How I Wrote My Dissertation (Part 1)
This is the first installment in what will be multiple posts about how I wrote my dissertation. I sent my full dissertation to my committee for their review about a year ago, so now seems like a good time to put some reflections about the process down in writing. I’m writing to share my experiences with the hope that this helps someone out there — someone who is trying to write. My way is not the way, but may serve as inspiration for others. Here goes.
Writing in Marble Notebooks
It took me about two years to write my dissertation. I began to write as soon as I finished my fieldwork in August 2014. I had been writing field notes throughout my almost three years of fieldwork, mostly in black and write marble notebooks. I prefer writing on paper to typing, and marble notebooks are cheap and durable. I also have an emotional connection to marble notebooks — just by happenstance I began writing in one when I was in high school and working for the summer at a hospital. My school had helped me to set up the position because I had expressed interest in medicine, and wanted to learn what it was like to be a doctor. Although I found the surgical procedures I witnessed fascinating, over the course of that summer, I became more interested in the relationships and power dynamics I saw at work between physicians, patients, nurses, and other staff. I lingered in the lunch room to listen in on conversations and observed how behaviors changed when certain people entered and exited the room. I learned the language of the hospital, and the slight differences between expressions used by different members of the clinical staff. I noted all of this down in a purple marble notebook on my long commutes home. It was only retrospectively that I realized that this had been my first step in anthropology — I had been doing participant observation and writing field notes. A marble notebook was my first fieldwork notebook, and though I hadn’t used them in the intervening years, I took to writing in them again, almost twenty years later, when I did fieldwork for my dissertation.
The First Seventy Pages
So when my field work done, I had three marble notebooks of notes. I also had a running list in my head of the important moments and scenes from my field work that stood out. My first task was to take my notes and those moments and write them up as narratives, meaning I thought and wrote about them with a beginning, middle, and end, in order to arrive at what the stories meant. I knew that these moments had struck me as important for a reason, and writing them up in a descriptive way helped to draw out those meanings. It took me about three months to write up these important scenes, and by then I had about seventy pages. I sent these pages to my advisor and committee chair for her feedback. I wanted to see if these moments were striking for her too, and to see if she interpreted the meanings of these scenes in the same way I did.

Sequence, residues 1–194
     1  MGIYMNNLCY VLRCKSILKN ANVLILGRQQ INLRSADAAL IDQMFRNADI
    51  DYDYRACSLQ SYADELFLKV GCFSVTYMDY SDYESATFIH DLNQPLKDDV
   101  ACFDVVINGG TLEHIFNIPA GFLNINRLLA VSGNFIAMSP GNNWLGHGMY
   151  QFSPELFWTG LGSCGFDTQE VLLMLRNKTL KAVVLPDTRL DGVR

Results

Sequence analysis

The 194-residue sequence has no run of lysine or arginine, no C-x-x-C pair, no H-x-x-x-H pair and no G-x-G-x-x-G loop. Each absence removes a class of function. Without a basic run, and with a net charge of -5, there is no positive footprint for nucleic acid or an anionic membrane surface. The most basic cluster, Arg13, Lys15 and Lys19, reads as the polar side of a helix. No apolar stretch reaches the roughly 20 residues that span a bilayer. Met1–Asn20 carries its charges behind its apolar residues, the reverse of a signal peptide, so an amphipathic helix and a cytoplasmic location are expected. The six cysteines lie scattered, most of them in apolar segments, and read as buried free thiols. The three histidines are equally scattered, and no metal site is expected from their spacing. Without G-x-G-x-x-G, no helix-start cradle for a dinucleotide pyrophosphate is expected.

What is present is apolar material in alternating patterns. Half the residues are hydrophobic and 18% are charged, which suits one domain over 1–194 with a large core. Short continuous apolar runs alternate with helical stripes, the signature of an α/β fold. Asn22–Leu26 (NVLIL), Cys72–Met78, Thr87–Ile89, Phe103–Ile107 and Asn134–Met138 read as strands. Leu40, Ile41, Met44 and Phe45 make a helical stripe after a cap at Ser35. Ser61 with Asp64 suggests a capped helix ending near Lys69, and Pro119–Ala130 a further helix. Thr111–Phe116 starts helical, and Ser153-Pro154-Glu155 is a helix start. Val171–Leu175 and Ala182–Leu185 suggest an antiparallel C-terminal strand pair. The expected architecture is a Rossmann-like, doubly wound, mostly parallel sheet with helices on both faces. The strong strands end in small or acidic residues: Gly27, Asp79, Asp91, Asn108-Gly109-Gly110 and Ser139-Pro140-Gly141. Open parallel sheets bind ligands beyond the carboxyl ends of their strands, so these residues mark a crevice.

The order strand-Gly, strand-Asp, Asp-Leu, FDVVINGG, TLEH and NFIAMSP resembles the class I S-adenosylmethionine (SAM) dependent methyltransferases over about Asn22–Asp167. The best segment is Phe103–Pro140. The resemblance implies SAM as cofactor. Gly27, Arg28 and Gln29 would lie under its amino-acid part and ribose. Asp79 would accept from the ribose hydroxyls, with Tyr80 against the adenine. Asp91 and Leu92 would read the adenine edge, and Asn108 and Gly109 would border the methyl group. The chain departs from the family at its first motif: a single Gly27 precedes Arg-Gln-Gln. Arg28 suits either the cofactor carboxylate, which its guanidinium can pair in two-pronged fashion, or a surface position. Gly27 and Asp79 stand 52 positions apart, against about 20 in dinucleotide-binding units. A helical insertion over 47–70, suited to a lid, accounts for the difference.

When I met with her, she told me that she enjoyed reading the descriptions, but that the writing was just that — descriptive. It wasn’t making an argument, and these stories together did not give her a sense of what my dissertation was really about. It was good writing and pleasant reading, but she did not know what I wanted to say. This feedback was hard to take at first, because I felt that I had begun to distill some meaning and analyze my notes. But I realized that those first seventy pages were a collection, and together did not yet add up to a larger story. I also realized that this level of analysis was just a first step, or as another advisor said,part of“cleaning up the mess of fieldwork.” This is how inductive research works, especially research in cultural anthropology. You have an idea of what you want to study, but then you spend time in the field and are involved and meet people and have relationships with them and things change. There may still be a kernel of what you wanted to study in the beginning, but a lot of that has fallen away. What’s next is to make your way through the mess, and for me, this involved writing, and writing again. I had a lump in my gut when I was told that those first seventy pages were okay, but not what dissertation writing looks like. Writing is a form of thinking, and I had to write and write to develop my thinking.
In the next installment, I’ll write about how I moved on from those seventy pages.